We got caught up on everyone and they are going to the reunion tonight so will pick us up which makes it nice. I spent part of the afternoon working on an article for the paper as Hubby listened to a photography podcast (or something like that). We went into the town square for dinner which has indeed become incredibly crowded. There are multiple tours as “The Vampire Diaries” continues to be popular and there are also ghost tours. We were glad to see the former Irish pub was replaced by a Gastropub, The Social Goat. Apparently it recently changed hands and our waitress didn’t know where the name came from. I thought there might be an explanation on the menu, but no. It was a fairly short menu with a focus on gourmet burgers, a long list of taco options, a few entrees and nine rotating beers on tap in addition to the bottled beers, plus some intriguing sounding cocktails. We did the burgers; Hubby with The Social Goat version which included pimento cheese and bacon jam. I went traditional.

Georgia Trip, Day 1……

We had a slight delay in departure in one of those semi-amusing things. Since we were traveling on a weekday, traffic issues meant it would be better to wait until 8:30 to leave. Literally jut a Hubby was ready to load the truck, Mother Nature brought in a pop-up rain; all while it was partly sunny of course. These don’t usually last long so we were on the way not long after. The traffic hadn’t completely cleared although it was manageable. Once we passed Fort Lauderdale, we lucked out with no big accidents, not much construction, and only a few scattered showers. We made it into the Hampton Inn a little before 7:30. There is a Chilii’s in front of the motel and the Holiday Inn Express next door is finished and they are now building what looks to be an extended stay place next to the Chili’s. We got everything into the room and walked over for dinner. Having over-indulged a little at Wendy’s when we did a Turnpike stop for lunch I balanced out with a cup of chili and the southwestern grilled chicken salad. We frequently have pasta on Thursday so Hubby had a cup of chili and their Cajun pasta with shrimp.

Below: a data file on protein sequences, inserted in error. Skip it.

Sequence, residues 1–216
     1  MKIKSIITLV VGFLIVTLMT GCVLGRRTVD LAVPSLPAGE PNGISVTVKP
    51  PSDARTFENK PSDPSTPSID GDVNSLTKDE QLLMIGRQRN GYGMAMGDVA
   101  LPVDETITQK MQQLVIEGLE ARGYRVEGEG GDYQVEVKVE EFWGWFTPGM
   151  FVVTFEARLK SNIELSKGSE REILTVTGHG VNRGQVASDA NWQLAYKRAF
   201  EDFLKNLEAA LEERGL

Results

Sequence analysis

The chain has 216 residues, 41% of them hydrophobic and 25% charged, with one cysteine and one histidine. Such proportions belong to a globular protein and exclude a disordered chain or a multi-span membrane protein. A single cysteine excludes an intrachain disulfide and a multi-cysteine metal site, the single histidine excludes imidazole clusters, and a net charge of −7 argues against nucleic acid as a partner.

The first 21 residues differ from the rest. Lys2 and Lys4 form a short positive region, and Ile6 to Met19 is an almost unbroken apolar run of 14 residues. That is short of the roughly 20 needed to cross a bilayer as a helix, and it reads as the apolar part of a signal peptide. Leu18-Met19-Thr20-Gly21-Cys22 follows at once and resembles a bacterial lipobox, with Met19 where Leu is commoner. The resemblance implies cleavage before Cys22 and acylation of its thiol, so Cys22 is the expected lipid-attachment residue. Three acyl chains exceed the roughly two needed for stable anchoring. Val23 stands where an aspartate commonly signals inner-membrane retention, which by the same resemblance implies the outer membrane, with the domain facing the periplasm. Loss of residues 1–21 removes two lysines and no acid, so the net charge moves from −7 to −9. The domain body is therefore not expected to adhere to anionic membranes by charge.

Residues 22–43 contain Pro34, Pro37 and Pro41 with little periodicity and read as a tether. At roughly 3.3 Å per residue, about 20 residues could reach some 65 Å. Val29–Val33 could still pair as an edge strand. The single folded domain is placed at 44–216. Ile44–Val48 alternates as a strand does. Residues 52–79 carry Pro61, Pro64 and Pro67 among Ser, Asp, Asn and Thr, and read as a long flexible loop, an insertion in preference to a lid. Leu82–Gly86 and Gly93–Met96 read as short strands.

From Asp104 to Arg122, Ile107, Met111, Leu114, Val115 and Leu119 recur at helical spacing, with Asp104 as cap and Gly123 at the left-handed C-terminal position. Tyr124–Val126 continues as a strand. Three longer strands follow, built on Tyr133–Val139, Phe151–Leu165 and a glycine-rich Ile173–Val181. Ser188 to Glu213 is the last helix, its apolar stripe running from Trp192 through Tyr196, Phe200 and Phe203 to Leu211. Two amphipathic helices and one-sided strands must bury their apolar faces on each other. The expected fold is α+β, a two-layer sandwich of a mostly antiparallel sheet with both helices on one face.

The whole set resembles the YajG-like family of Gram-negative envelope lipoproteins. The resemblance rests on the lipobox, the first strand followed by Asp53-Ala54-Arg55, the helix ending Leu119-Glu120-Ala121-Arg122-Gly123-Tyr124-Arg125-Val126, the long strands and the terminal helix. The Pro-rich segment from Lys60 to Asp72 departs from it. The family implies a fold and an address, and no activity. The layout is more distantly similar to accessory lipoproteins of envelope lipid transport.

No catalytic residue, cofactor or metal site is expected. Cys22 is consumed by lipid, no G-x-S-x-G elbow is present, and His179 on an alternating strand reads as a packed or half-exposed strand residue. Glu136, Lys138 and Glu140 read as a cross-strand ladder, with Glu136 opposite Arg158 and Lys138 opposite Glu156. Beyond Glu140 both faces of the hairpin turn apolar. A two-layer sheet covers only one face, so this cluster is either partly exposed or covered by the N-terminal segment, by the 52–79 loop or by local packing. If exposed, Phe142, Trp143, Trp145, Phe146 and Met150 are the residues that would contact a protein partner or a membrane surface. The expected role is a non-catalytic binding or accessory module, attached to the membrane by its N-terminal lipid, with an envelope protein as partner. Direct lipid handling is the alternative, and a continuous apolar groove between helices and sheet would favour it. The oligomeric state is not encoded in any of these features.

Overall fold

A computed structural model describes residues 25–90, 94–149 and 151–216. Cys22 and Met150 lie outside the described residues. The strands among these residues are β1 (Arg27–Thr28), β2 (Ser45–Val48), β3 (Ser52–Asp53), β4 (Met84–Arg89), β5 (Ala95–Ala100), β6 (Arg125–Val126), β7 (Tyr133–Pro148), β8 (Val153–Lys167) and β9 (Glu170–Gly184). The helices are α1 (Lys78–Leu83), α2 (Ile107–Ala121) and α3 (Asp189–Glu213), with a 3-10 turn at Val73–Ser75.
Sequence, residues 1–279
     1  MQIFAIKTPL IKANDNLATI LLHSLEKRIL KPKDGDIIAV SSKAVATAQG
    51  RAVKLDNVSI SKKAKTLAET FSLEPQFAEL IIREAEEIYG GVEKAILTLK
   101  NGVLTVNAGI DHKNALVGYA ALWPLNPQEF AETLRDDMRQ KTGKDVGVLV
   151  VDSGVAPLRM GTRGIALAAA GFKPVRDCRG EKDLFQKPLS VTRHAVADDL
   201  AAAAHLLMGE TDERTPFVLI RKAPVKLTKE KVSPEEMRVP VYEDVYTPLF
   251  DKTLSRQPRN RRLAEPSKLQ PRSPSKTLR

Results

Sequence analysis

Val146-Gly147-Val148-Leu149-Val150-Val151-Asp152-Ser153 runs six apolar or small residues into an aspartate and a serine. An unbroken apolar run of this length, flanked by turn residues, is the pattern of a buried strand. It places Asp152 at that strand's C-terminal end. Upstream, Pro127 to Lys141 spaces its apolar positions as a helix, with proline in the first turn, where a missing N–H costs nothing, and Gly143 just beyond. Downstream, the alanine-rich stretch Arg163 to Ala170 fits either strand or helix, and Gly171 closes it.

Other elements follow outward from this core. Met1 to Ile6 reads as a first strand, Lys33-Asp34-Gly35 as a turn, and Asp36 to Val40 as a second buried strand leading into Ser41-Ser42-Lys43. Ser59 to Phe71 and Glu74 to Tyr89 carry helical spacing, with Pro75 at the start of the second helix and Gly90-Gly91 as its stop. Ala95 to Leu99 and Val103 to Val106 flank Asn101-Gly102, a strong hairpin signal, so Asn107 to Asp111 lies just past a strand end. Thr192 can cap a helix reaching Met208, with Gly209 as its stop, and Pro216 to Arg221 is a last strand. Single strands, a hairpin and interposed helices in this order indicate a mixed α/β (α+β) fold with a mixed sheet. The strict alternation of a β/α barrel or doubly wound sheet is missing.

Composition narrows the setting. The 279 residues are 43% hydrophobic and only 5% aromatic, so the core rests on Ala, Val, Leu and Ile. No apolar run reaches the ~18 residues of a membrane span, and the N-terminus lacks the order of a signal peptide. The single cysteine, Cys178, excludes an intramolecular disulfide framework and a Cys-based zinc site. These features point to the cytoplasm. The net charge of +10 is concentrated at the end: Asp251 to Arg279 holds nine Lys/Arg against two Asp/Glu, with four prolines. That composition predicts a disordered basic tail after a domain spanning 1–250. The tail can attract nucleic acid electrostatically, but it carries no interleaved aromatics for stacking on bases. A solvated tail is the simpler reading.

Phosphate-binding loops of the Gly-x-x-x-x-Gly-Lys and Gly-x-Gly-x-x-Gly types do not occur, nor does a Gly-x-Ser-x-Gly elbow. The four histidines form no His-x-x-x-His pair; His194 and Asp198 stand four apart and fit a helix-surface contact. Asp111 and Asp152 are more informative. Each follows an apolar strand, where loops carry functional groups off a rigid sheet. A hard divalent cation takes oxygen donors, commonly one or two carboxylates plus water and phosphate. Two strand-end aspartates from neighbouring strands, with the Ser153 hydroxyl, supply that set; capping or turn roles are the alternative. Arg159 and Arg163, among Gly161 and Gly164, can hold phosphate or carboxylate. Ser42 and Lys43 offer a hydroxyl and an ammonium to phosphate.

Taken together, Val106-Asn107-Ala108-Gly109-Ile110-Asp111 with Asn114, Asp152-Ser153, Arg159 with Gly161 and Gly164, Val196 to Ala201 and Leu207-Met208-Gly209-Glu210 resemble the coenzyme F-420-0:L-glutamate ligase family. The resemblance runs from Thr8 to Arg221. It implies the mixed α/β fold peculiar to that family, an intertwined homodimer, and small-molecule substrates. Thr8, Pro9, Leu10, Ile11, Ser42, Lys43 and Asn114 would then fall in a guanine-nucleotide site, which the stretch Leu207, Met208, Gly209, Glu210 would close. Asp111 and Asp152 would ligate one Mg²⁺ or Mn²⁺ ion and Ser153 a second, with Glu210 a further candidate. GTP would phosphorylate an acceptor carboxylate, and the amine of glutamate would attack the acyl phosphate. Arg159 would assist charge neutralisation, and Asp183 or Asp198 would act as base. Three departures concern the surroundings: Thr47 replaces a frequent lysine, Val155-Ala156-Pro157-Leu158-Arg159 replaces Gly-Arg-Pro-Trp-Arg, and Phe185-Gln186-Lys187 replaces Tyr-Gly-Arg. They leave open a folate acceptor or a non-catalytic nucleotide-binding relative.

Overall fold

We start our round of family visits today going to his sister’s for lunch – her husband has to work, but he’ll be at the gathering Sunday. We’ll ask about restaurants in town and hope the Mystic (whatever the actual name is) is still open. The Irish Pub had closed, but perhaps someone re-opened it or something replaced it. There is also a New Orleans type place just off the town square. The other is on the square and even though there are good places in other parts of town, the square is delightful. Of course, we may also go there tomorrow as is our habit.